Scotland

Coronavirus: Is it safe for Scotland's schools to reopen?

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Image caption Schools across Scotland have been told to fully reopen to all pupils by 18 August at the latest

Scottish pupils are returning to the classroom this week for the first time since schools closed in March because of the coronavirus pandemic.

Schools in the Borders and Shetland open today, with most others going back from Wednesday - but how safe will pupils and teachers be?

Is it safe for schools to reopen?

The Scottish government insists that it is.

Scotland has had one of the highest coronavirus death rates in Europe, but infection rates are now generally very low across the country.

Only about 170 children under the age of 15 have tested positive for Covid-19 in Scotland since the pandemic began - and none have died.

The government points to studies from other parts of the world which suggest that children could be much less likely to be infected than adults, generally develop milder symptoms and may be less likely to spread the virus to others.

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Image caption No deaths of any children in Scotland have been linked to coronavirus

Experts from the NIHR Southampton Biomedical Research Centre concluded that "children do not appear to be super-spreaders" and there was no need for schools anywhere to remain closed.

However, the scientific evidence is by no means conclusive - and the Scottish government admits it is less clear for older, secondary school pupils than it is for younger children.

But it says keeping schools closed is bad for children's health and wellbeing, and that "the balance of risk is now strongly in favour of children and young people returning to school full-time".

What safety measures are in place?

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Image caption Children won't need to socially distance - but will need to follow hygiene rules

Scotland's schools are going to look and feel very different to how they did before the pandemic.

The government says there is no need for primary school children to socially distance - but secondary schools should encourage pupils to distance "where possible".

This means older pupils will be urged not to crowd together, especially indoors, or touch each other.

Adults will need to keep at least 2m apart from each other and from pupils if possible - although it is accepted that this is not realistic for teachers dealing with nursery age children.

No-one will need to wear face coverings, apart from staff who have close personal contact with a pupil for an extended period of time. But anyone who wants to wear a face covering should be allowed to do so.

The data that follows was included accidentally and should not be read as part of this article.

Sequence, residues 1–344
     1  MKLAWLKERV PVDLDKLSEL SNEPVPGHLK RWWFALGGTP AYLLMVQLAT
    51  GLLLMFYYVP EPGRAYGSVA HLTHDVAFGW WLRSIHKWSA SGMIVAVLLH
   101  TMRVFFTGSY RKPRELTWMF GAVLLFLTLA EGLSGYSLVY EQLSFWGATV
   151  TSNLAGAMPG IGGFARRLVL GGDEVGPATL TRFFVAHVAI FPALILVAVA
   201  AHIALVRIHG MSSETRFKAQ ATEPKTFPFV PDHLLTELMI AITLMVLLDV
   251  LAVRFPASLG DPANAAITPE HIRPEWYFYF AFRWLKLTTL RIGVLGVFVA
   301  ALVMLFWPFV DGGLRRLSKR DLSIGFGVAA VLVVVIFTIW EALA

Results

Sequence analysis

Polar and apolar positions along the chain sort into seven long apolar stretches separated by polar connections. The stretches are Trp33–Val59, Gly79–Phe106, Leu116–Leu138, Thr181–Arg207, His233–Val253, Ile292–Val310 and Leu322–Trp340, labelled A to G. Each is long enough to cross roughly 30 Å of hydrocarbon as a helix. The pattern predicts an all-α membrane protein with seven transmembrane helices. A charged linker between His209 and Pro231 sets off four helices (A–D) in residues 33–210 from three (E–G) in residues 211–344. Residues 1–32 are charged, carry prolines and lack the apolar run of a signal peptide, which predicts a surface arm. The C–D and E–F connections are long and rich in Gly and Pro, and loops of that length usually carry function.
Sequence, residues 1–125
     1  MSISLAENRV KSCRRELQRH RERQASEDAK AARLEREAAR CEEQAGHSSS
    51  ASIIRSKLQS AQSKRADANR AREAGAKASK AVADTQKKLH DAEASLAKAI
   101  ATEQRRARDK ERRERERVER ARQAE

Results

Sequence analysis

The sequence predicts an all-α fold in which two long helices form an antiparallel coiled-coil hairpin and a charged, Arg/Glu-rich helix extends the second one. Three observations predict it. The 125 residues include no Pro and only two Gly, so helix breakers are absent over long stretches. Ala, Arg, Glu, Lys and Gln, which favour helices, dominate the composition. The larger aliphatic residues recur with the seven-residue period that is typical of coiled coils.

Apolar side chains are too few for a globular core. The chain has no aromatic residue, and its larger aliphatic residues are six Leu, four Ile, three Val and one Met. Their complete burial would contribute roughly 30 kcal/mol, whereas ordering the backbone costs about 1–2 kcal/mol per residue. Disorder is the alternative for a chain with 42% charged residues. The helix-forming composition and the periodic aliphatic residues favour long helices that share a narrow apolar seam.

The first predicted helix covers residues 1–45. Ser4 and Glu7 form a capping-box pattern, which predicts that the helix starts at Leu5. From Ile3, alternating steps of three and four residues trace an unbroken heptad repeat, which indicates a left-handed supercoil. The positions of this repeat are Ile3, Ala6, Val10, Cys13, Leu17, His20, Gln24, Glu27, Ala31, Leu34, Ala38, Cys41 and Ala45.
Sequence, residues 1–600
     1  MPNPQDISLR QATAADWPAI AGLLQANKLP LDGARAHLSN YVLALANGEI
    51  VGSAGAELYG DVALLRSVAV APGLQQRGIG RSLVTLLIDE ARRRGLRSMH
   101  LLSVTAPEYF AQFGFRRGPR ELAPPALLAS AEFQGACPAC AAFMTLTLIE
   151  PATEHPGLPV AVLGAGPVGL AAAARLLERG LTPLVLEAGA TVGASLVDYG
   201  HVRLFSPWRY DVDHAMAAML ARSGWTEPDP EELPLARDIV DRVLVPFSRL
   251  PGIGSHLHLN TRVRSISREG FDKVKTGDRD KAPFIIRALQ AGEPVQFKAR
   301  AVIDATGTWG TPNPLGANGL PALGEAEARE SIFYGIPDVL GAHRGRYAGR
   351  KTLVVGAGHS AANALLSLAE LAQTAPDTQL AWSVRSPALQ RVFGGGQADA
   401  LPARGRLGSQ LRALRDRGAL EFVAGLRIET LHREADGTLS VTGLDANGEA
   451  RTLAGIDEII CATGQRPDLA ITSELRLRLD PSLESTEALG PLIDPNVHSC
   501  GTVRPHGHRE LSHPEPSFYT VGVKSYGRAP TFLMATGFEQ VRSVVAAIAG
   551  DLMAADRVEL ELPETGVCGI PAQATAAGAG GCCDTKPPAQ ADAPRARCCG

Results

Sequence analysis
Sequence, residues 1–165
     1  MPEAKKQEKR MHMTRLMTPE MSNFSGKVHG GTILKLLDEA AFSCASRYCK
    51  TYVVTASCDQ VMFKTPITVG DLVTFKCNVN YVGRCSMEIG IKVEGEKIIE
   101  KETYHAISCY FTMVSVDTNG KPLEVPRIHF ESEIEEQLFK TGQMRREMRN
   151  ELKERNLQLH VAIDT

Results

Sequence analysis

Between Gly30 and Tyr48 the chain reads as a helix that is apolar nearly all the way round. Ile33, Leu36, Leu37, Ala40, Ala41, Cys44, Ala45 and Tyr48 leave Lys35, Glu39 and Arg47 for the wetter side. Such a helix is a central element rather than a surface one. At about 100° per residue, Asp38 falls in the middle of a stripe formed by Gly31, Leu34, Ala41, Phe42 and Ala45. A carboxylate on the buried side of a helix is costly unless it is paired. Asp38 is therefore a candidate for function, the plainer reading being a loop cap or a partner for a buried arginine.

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Image caption Pupils will be urged not to gather together in large groups

All schools will have to provide adequate hand washing and sanitizing facilities - and ensure they are properly used - and there will be enhanced ventilation and cleaning.

Specific rules vary from school to school, but class sizes could be changed and many are staggering drop-off and pick-up times.

They should try and keep pupils in consistent groups, like a class or year group. Some are making pupils eat lunch in their classroom rather than the canteen, and staggering break times.

Schools are urged to use outdoor spaces as much as possible, but music and singing "should be avoided during the initial return to school".

How safe do teachers feel?

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Scotland's biggest teaching union, the EIS, says many of its members still have serious concerns.

It carried out a survey of about 25,000 teachers last week. While the majority (64%) supported the decision to re-open schools, only a fifth were confident schools were currently safe.

There have been calls for the routine testing of staff, even if they have no symptoms of the virus.

The EIS said there was "strong support" for the use of face coverings among its members. Some teachers have questioned why they will need to wear one on the bus to work, but not while surrounded by pupils.

What happens if someone tests positive?

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Image caption The close contacts of anyone who tests positive will be traced

Anyone who thinks they might have the virus should stay at home, and pupils or staff who show possible symptoms at school will be told to follow the national rules on testing and self-isolation.

If anyone connected to the school tests positive, the local health protection team will then assess what further action is needed.

The school could potentially shut temporarily, although Education Secretary John Swinney has said that this will "not necessarily" be the case.

Any significant rise in the number cases either locally or nationally could lead to schools moving to a part-time model or even closing completely for a time.

What if I don't want to send my child to school?

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Image caption Parents have been home schooling since March - and not all are ready for their children to return to the classroom

Many parents struggled with home learning and are looking forward to the return to school. However, the government accepts this is not the case for everyone and that some parents might want to keep their children at home.

The government says schools and local authorities should offer reassurance about safety and encourage parents to allow their children to return to school.

Rules on compulsory attendance "should only be used as a last resort".

All children and staff who have been shielding are expected to return to school, unless they have been given medical advice not to do so.